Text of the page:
Brand new for 2003, the Stingray 220DR marks the builder's debut venture into the growing deckboat
market. Based in Hartsville, South Carolina, the company is a family-owned business that has been
building boats since 1979.
Over the years, Stingray has earned a very reputable name in the industry. Not only are they
environmentally responsible by using fuel surge protectors and low VOC gelcoats and resins, they are
also a founding member of the American Boat Builders Association and certified by the NMMA. With this
impressive background, the 220DR should strike a major chord among family boaters.
I tested the boat on the relatively calm waters of Lake Robinson just off the Stingray lake house
in Hartsville. The 220 has an almost rectangular footprint with a very blunt bow and broad beam, yet
her profile is surprisingly sleek. Like a pontoon boat, there's plenty of room for eleven people and
more space to feature an optional cooler, insulated ice box, ample storage, a built-in sink, fore and
aft tables plus an enclosed head compartment.
Like a performance-oriented boat, the 220 rides on Stingray's patented Z-plane hull which
incorporates a notched transom. This combination provides a higher top end speed, exceptional cornering
and improves fuel efficiency by 30 percent, says the company.
At the bow there's an anchor locker and one feature that'll come in particularly handy, a boarding
ladder with a shower/washdown. This will allow easy boarding when she is "bows up" on a beach. You'll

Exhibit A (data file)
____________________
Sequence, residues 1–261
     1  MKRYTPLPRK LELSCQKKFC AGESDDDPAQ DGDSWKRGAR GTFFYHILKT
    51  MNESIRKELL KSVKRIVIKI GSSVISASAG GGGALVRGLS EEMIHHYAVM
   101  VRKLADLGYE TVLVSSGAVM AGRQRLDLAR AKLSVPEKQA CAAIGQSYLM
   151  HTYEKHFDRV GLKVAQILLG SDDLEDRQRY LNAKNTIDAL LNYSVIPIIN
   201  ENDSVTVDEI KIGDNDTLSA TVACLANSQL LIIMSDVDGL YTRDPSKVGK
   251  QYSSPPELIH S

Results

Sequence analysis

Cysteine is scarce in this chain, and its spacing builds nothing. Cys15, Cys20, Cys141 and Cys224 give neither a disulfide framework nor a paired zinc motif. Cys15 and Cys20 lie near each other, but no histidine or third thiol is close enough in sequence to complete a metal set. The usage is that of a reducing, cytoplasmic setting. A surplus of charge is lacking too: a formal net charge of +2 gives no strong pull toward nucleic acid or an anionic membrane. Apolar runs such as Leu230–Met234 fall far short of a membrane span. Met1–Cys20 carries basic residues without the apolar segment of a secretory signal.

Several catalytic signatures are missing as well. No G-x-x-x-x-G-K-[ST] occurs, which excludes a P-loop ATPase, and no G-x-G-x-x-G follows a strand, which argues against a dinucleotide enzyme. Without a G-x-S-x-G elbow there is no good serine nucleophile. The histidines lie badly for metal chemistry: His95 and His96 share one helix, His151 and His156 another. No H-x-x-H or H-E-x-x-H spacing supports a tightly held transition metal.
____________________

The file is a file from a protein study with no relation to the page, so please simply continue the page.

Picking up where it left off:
find another ladder and washdown built into the aft integrated swim platform. For added convenience,
there are filler cushions for the seats in the bow and cockpit.
The helm seat adjusts fore and aft and the instruments are well-organized to read at a quick glance.
All the toggle switches are to the portside of the wheel and, to starboard, there's space for
Our test boat had a few nice options which included bow and cockpit covers with support poles, the
two-tone hull colour stripe, a digital depth finder with alarm and a remote trim and tilt switch on
The 220 was powered with a Mercury 5.0L MPI with an Alpha One drive and a 19-inch aluminum prop.
When it came time for a sea trial, I headed out on the lake by myself with a half-tank of fuel. Her
planing was very respectable at 3.8 seconds with little bow rise. From a standing start, she
accelerated to 45 mph in just over 14 seconds. As I took the boat through a series of high-speed
slalom turns at that speed, the 220 felt very secure and sure-footed without the slightest feeling
of the hull breaking free. At wide open throttle I hit a top speed of 51.6 mph.
Throttling back, the 220 held on plane right down to 19.2 mph at 2900 rpm. I found a comfortable,
and quiet, cruising speed of 27.5 mph at 3000 rpm.
If you'd like to find out more about their lineup, Stingray has a very impressive website you can
check out at www.stingrayboats.com. Not only is it very interactive for dealers, individuals can log
on to their own private Stingray account. Stingray owners can access articles, reviews, manuals and
even utilize a performance calculator. You'll find a lot of other information there too. I really
enjoyed the performance calculator feature.
Overall, Stingray's 220DR is a well-built boat which offers good value for the money. The high
freeboard and easy handling characteristics make this an ideal model for family boating. She is
safe and sure-footed. There are a lot of amenities for a boat of this size and other boaters will
certainly find her attractive.
While performing the sea trial, I was flagged down by another vessel I initially thought might have
been in some sort of distress. As it turned out, the 220DR had really caught their eye and they just
wanted to find out a bit more about it!
Power Boating Magazine